AROUND THE BEND

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Deadly Mudslides

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Southern California started off the new year with disaster as mudslides invaded multiple counties. These natural disasters, otherwise known as debris flows, are usually subsequent events to some sort of natural disaster, like the recent wildfires. These mudslides are a type of landslide that “often contain mud, rock and other materials.” David Peterson, a professor of forest ecology at the University of Washington was consulted. He stated that the Thomas Fires, which preceded mudslides were so severe because all of the vegetation that was previously present was no longer there to slow the erosion down. This made these mudslides even more damaging, and left thousands in harm’s way with no protection.
The area destroyed by the largest wildfires in California’s history has also been ravaged by mudslides in recent weeks as of January. The wildfires demolished a large portion of land north of the San Francisco Bay Area, including neighborhoods, and many communities spanning from 245,000 acres of land. Approximately 100,000 people were forced to evacuate their homes due to the spread of the fires and 46 died as a result of these fires. These fires blazed on through December, leaving many families devastated for the holidays and many citizens worried about their futures.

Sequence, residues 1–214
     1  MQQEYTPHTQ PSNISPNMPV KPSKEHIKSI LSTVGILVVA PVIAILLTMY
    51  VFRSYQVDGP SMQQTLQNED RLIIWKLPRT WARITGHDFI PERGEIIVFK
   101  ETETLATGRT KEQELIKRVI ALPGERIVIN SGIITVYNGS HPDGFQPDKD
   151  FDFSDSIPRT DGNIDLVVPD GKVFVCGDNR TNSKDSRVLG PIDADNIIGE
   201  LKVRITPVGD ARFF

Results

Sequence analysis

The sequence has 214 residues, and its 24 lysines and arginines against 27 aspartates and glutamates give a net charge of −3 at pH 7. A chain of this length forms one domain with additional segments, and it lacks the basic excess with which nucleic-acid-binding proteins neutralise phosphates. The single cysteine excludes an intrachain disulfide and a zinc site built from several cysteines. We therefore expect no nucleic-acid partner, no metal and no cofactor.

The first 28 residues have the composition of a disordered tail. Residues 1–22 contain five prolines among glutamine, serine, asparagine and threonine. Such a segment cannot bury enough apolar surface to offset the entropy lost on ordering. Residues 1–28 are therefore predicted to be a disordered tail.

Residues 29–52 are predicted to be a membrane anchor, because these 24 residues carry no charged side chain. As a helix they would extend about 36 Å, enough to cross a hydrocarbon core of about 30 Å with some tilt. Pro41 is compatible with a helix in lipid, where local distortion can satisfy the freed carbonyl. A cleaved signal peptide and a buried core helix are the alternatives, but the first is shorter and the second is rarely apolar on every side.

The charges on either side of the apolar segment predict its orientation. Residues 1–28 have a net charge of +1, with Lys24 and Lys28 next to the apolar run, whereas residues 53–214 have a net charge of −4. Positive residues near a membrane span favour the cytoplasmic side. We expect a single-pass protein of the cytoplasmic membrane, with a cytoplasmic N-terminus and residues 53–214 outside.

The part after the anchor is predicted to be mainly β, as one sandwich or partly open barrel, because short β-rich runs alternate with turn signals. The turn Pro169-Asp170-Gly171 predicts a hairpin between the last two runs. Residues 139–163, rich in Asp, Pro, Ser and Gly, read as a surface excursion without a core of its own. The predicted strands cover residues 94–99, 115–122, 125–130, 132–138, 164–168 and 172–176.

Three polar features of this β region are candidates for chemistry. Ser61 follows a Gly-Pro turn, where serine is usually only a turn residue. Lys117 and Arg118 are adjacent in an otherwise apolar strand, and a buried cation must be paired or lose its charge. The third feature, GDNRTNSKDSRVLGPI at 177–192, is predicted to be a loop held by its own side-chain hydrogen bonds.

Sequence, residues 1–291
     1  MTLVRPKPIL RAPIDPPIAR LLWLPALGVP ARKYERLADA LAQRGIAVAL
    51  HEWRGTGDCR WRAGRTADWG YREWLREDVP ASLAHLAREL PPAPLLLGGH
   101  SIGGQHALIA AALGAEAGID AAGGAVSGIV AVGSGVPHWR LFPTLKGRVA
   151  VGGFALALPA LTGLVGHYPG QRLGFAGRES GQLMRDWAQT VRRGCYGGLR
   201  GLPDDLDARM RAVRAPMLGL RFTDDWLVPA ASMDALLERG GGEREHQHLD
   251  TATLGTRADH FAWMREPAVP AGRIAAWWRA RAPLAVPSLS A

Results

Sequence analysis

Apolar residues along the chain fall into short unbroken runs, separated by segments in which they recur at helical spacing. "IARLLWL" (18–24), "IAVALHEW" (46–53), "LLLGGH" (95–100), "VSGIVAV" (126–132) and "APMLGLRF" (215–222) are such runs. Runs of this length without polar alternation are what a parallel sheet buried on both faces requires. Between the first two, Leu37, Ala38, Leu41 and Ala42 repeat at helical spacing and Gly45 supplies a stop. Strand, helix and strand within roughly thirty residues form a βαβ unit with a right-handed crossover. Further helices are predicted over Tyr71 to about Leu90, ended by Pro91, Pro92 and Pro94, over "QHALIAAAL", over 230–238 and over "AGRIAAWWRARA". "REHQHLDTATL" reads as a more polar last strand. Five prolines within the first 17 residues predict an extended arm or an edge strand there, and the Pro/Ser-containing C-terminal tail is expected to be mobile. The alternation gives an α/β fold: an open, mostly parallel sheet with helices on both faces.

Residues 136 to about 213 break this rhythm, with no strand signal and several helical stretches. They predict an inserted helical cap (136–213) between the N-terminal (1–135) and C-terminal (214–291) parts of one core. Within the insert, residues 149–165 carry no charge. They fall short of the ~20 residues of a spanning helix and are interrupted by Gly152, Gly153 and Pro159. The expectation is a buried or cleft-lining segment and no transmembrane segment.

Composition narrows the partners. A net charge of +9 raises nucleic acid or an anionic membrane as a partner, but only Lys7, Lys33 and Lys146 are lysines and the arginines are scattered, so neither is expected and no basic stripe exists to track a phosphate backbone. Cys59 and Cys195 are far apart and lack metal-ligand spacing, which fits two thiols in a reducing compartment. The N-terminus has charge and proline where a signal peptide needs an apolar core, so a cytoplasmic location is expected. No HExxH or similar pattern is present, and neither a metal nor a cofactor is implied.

Just weeks after this extreme destruction, mudslides in Southern California brought even more demolition to the area. These catastrophes have resulted in approximately 20 deaths in areas such as Santa Barbara County, which is northwest of Los Angeles. Search and rescue efforts are still being conducted while the Sheriff’s office has stated they are hopeful to find more people alive. Santa Barbara County Sheriff, Bill Brown, stated, “Right now our assets are focused on determining if anyone is still alive in any of those structures that have been damaged.” These ongoing rescues have served as a beacon of hope to all in Southern California and the surrounding areas.

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